Sundance: IFC to Land Jack Black Comedy ‘The D Train’ (EXCLUSIVE)

25 Jan 2015 | Author: | No comments yet »

Jack Black Is Brave, Heartbreaking In ‘D Train’ At Sundance.

“Jarrad Paul and Andrew Mogel prove with this film that they have arrived as one of the great new filmmaking teams in Hollywood,” said Jonathan Sehring, president of Sundance Selects/IFC Films. “They have crafted a smart, sensitive and hilarious film which features a terrific ensemble, led by the immense talent of Jack Black and James Marsden. IFC is close to signing a deal for U.S. distribution rights to “The D Train,” the high school reunion comedy that debuted this week at the Sundance Film Festival. The picture stars Jack Black as a former high school reject obsessed with landing the most popular member of the class (James Marsden) for their upcoming reunion. Dramatic competition screenings — “The Bronze” on Thursday night, and “The Overnight” and “The D Train” on Friday — brought the house down with unusual copulating between the main characters.

Landsman is still in search of high school popularity, and set on a mission to get peer turned failed actor Oliver Lawless, played by James Marsden to attend their 20-year reunion. Much has already been written about the acrobatic hookup in “The Bronze,” so we’ll concern ourselves with Friday’s entries in the “Most Surprising Sex Scene” competition. Variety critic Justin Chang had a mixed take on the film, writing, “this dark comedy might just as well be described as edgy and soft, audacious and coy, a largely enjoyable letdown.”

In “The Overnight,” about two couples spending a revealing evening together, much is made of the comparison of penis sizes between the under-endowed Alex (Adam Scott) and over-endowed Kurt (Jason Schwartzman). Gerry, played by Australian actor Ben Mendelsohn, is an empty shell of man who slumps through life in dumpy trousers listening only to Joe Navarro books on tape.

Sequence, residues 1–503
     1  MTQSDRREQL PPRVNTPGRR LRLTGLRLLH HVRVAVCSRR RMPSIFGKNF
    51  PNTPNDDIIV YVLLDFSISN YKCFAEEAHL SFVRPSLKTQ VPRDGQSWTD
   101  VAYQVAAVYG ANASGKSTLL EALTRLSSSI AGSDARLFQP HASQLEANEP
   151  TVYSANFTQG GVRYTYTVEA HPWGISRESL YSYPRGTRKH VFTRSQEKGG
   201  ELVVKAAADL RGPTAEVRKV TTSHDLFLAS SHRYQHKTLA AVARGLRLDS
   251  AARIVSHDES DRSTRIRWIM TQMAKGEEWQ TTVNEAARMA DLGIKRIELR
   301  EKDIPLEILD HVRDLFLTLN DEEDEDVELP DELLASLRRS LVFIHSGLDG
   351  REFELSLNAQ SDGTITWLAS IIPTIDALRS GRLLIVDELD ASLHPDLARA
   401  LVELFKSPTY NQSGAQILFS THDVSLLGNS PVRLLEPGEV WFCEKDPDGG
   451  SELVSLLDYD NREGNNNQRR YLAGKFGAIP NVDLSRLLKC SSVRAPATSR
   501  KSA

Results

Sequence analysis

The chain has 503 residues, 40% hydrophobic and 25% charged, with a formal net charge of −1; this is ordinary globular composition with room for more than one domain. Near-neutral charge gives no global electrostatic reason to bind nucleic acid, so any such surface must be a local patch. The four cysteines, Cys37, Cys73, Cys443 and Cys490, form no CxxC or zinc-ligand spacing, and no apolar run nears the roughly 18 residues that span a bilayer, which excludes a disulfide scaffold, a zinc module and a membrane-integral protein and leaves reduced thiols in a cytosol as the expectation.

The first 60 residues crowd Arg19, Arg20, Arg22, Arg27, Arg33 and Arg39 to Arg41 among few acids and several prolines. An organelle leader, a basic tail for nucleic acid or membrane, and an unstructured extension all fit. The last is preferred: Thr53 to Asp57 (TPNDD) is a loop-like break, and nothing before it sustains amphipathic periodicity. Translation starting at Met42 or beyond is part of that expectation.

Directors Anna Boden and Ryan Fleck (“Half Nelson”) keep the motives and backstories of their leads ambiguous for most of the film, which laces every moment with tension and suspicion. Fleck joked that he didn’t know what she was talking about since he wasn’t there that day and moved on, eliciting some groans from audience members expecting a more thoughtful answer. Paul and Mogel, who’ve previously written studio fare, deftly handle their starry cast and venture into new territory for the genre, but they come off as bullies as much as they do brave. Nikki Reed was coy when asked about her rumored engagement to actor Ian Somerhalder, saying only, “Life is really great right now and I’m so excited for the future.” But she was effusive about her love for animals.

The entertainer came to Sundance on Saturday to host the third annual Catdance Film Festival, a celebration of cats on screen that benefits the American Society for the Prevention of Cruelty to Animals.

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